How do we control Dad's grunting and strange bathroom habits?

A fellow caregiver asked...

My 81-year old father has Alzheimer's. He has developed an annoying habit of grunting and groaning. It is constant and with his hearing being so bad, he is totally unaware that he is doing it. He sounds like he's on his last breath and it is annoying. I've thought about replenishing his cough drop supply, but I wouldn't want him to choke. He is fully capable of feeding himself. What do you suggest?

Also, he also has developed an art of going to the bathroom and instead of putting the toilet paper in the commode, he puts it in the trash can. My mother dutifully takes the trash out every time he does his business. How can we break him of this? I've suggested taking the trash can out of the bathroom, but other times he leaves his used toilet paper on the sink. This same man shaves several times a day, mows the lawn for hours as the leaves continue to fall, but getting him in the shower once a week is a chore.

Any help is appreciated. I've printed lots of tips from this website, but I didn't see anything about grunting noises or strange bathroom habits.

Expert Answer

A social worker and geriatric consultant who specializes in dementia care, Joyce Simard is based in Land O' Lakes, Florida, and in Prague. She is a well-known speaker and has written two books, one focusing on end-of-life care and the other, entitled The Magic Tape Recorder, explaining aging, memory loss, and how children can be helpers to their elders.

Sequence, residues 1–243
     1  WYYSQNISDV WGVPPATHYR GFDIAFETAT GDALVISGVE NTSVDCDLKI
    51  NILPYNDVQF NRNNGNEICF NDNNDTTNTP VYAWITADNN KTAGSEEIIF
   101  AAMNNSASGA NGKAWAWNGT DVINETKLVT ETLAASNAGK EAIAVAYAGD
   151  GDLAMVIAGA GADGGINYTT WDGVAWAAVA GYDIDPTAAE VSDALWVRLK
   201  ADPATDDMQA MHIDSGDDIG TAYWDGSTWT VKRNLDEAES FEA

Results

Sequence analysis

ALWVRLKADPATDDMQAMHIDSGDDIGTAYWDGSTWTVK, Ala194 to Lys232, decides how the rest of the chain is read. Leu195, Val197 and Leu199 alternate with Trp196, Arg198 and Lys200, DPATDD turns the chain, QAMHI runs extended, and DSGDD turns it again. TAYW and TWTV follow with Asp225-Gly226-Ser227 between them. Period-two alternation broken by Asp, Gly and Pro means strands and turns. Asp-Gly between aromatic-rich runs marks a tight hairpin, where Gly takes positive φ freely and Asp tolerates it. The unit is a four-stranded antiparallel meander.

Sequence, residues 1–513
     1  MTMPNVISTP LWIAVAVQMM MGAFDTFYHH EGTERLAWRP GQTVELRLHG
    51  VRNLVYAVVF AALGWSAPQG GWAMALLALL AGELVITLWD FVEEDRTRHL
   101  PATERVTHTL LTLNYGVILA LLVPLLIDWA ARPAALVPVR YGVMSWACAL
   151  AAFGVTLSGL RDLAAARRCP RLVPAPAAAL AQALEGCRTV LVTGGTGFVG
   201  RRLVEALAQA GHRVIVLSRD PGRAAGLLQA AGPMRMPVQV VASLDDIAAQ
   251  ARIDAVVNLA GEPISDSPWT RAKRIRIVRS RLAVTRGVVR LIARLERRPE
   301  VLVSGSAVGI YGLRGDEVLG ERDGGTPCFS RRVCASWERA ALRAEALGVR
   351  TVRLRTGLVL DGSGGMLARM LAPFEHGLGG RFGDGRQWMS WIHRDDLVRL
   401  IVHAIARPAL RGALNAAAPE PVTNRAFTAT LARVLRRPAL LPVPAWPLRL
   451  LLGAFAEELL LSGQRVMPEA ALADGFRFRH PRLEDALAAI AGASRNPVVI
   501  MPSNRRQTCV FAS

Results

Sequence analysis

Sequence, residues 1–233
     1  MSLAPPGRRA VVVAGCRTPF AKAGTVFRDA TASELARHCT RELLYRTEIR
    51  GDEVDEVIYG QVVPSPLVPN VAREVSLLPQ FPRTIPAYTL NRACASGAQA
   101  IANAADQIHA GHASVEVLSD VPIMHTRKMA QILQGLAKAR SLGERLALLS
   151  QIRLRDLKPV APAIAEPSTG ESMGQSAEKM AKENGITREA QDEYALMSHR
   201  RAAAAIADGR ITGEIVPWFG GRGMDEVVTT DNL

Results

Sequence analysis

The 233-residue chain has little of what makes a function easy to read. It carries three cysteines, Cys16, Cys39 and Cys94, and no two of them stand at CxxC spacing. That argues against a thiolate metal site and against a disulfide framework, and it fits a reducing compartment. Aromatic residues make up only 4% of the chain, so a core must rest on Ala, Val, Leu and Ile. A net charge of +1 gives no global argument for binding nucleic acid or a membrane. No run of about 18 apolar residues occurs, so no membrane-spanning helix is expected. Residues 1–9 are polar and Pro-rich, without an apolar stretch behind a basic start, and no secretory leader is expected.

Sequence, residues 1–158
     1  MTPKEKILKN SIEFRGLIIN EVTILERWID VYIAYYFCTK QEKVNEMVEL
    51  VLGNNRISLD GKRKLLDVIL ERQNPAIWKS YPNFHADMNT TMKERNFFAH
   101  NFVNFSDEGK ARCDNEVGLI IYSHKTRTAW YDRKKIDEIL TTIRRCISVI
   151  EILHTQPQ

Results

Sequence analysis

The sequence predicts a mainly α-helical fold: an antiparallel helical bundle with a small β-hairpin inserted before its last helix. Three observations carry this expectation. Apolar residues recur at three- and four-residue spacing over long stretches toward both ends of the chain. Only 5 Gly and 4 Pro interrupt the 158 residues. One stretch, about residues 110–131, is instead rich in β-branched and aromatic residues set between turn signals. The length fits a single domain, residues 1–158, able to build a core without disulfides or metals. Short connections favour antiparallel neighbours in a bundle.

You and your mother are going to need a lot of patience with these problems. He has a dementing illness that is incurable and is effecting his brain. His short term memory is severely effected. He is unable to remember what you are telling him about his bathroom habits. It appears that keeping the trash can in the bathroom and emptying it after he has used the bathroom is the best idea for his situation.

As for the grunting and groaning, has he been evaluated for pain? Might he be uncomfortable? Call his physician to see if giving him a regular dose of some over-the-counter pain medication would be safe. If it is, give him the medication on a regular basis for a week to see if their is any change in this habit.

If he can still eat and is not in any danger of chocking, something soft and sweet to suck on may be helpful. If he enjoys music, earphones playing his favorite music might be helpful.

Let us know if any of these suggestions work as I'm sure others are facing similar concerns.

Best of luck!